Risk it for the Brisket

Okay, I don’t usually blog about meat-based recipes, because my partner A and I have a mostly vegetarian or fish-based diet, supplemented by the occasional free range chook (that’s chicken in Australian).  But on Pesakh (Passover) I usually become a bit of a backslider, and cook a brisket for 1st and 2nd night Seder.  It’s probably the most traditional Passover meat to eat in Ashkenaz households. This year’s brisket worked rather well.  I had about a 6 lb. piece (about 2.5kg), and started at about 9:30am on Erev Pesakh by rubbing the meat with a dry herb rub: chinese five-spice powder, a spice rub from Tasmania which included ginseng and bush pepper, some olive oil to bind and a bit of golden syrup.  Then after leaving it to rest for about 20 minutes, I sealed the brisket in our outdoor barbeque.  Brisket is a cut of meat that barbeque devotees in the United States consider very highly, but here in Australia we don’t tend to use it in the same way. Butchers usually chop it up for stewing meat.

 

Having sealed the meat all over, I brought it back inside and added more eastern spices: whole cinnamon sticks, star anise, some grated nutmeg and some green (spring) onions. Then I added root vegetables: carrots, fennel (instead of celery – I hate celery), red sweet potato (kumera), spanish (red) onions.  I also added about a punnet of baby tomatoes.               After this, I made up a weak stock with some kosher stock powder; then also added about half a bottle of red wine, and a bit more salt and pepper.  I covered with tin-foil,  and put it in a slow oven (140°) for 2 hours.  Then I turned the oven fan on, and baked for another 1.5 hours.  Finally I took the cover off and cooked it for a final 30 minutes. I took the meat out to rest in silver foil.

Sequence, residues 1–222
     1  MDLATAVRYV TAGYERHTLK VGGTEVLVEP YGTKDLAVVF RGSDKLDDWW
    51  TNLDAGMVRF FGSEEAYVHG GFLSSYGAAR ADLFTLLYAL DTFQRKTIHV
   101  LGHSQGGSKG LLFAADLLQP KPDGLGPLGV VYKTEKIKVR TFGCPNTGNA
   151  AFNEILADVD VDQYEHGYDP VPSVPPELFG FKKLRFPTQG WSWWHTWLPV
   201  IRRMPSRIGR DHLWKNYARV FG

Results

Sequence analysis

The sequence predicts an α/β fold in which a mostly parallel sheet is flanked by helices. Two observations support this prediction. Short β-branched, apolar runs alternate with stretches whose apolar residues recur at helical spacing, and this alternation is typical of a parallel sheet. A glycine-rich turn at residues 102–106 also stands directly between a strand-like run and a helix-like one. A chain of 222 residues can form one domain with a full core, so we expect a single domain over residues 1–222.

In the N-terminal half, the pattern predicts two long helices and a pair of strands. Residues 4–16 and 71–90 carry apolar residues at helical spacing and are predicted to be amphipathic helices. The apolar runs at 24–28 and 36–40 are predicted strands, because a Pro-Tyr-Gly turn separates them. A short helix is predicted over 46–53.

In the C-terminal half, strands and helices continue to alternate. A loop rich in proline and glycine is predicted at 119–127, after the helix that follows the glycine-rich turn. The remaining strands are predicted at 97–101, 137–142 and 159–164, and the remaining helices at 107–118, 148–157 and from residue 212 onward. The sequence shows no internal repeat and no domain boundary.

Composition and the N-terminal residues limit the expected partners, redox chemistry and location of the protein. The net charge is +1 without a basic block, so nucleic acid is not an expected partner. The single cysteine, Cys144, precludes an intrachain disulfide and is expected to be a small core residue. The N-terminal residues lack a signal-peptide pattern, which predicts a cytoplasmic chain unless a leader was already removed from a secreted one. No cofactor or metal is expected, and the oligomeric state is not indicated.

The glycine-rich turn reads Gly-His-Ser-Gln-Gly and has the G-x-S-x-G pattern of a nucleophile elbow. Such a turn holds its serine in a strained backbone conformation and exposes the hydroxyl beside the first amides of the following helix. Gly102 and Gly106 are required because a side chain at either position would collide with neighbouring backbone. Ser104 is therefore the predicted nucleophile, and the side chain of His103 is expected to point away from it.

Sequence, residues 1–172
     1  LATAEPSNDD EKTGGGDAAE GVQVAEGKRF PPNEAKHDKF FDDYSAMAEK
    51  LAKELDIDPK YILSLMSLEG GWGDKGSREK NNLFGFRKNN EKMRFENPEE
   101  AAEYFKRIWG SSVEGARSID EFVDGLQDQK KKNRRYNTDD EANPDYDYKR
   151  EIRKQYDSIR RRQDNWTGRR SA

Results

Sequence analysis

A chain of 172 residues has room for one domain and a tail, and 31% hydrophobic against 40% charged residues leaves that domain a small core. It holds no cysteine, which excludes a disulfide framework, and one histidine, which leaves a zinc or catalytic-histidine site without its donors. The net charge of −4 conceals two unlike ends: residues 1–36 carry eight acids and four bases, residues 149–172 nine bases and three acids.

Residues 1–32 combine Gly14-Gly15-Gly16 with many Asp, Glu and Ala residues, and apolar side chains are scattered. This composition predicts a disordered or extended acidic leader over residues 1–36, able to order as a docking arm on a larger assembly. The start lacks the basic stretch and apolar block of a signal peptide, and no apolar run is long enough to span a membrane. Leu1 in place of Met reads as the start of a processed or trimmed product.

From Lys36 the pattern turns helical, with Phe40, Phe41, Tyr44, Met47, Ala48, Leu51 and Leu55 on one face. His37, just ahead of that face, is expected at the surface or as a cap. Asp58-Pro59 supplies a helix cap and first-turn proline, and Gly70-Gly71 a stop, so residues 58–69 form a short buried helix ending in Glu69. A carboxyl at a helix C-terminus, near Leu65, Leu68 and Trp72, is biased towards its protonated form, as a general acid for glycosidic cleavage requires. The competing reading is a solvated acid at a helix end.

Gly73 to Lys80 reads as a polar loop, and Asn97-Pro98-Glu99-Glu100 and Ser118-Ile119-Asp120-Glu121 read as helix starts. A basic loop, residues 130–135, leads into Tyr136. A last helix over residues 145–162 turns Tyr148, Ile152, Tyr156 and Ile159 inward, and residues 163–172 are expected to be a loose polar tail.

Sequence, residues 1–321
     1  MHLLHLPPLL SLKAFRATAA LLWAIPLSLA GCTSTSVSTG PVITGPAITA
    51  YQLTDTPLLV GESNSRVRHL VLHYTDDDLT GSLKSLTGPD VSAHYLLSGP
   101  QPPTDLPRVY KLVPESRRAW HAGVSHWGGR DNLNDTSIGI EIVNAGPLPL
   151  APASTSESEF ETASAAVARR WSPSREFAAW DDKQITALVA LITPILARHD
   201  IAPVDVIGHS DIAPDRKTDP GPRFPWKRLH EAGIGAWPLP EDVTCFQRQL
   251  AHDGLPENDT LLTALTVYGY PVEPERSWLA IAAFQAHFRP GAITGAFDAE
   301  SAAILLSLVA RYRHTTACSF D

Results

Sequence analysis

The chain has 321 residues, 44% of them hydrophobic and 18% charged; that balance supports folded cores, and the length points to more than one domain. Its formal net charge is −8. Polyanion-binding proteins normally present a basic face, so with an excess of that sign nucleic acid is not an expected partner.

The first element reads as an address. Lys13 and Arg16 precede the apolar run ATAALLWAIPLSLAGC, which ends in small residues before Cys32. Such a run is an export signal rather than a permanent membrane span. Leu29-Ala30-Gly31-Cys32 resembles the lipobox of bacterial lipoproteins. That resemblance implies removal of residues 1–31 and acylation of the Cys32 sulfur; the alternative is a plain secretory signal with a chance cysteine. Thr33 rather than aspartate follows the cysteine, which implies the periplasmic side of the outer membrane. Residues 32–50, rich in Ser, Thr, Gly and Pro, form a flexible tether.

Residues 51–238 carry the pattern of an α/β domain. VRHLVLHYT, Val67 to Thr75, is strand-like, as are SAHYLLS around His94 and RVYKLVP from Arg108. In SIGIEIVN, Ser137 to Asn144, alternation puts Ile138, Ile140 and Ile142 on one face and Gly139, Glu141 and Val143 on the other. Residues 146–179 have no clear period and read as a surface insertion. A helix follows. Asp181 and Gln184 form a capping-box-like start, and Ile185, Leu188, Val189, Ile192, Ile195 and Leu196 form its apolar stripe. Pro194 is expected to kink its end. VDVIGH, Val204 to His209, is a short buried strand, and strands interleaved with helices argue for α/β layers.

I also removed the vegetables carefully, and put them in a roasting pan along with par-boiled Dutch Cream potatoes (a particularly good roasting spud) that had been roughed up, tossed with olive oil and salt, and some thin cut parsnip pieces.  The vegetables would go in later to crisp up, and they were a treat!

 

Meanwhile, we had this enormous amount of really fine braising stock at the bottom of the pan … what to do?  Well, I decided to put it on the heat and just reduce it to about one quarter of its original volume.  You can’t use thickening agents on Passover except matzo meal, and it’s pretty yuk to use in such circumstances. The reducing method worked a treat.  The sauce was like a classic demi-glace, without all the irritation and labour of preparation.  And the proof of the pudding was in the eating – it was, beyond doubt, the best brisket I had ever cooked.  You could taste the spices in all their complexity, thanks to the sauce.  All this goes to prove that sometimes, you really need to risk it for the brisket.

p.s.  If you want to see les décorations séduisante and A’s haute couture for the evening, visit his blog:

http://ratherbeinthefrontrow.wordpress.com/2012/04/07/passover-2012-one-for-the-books/

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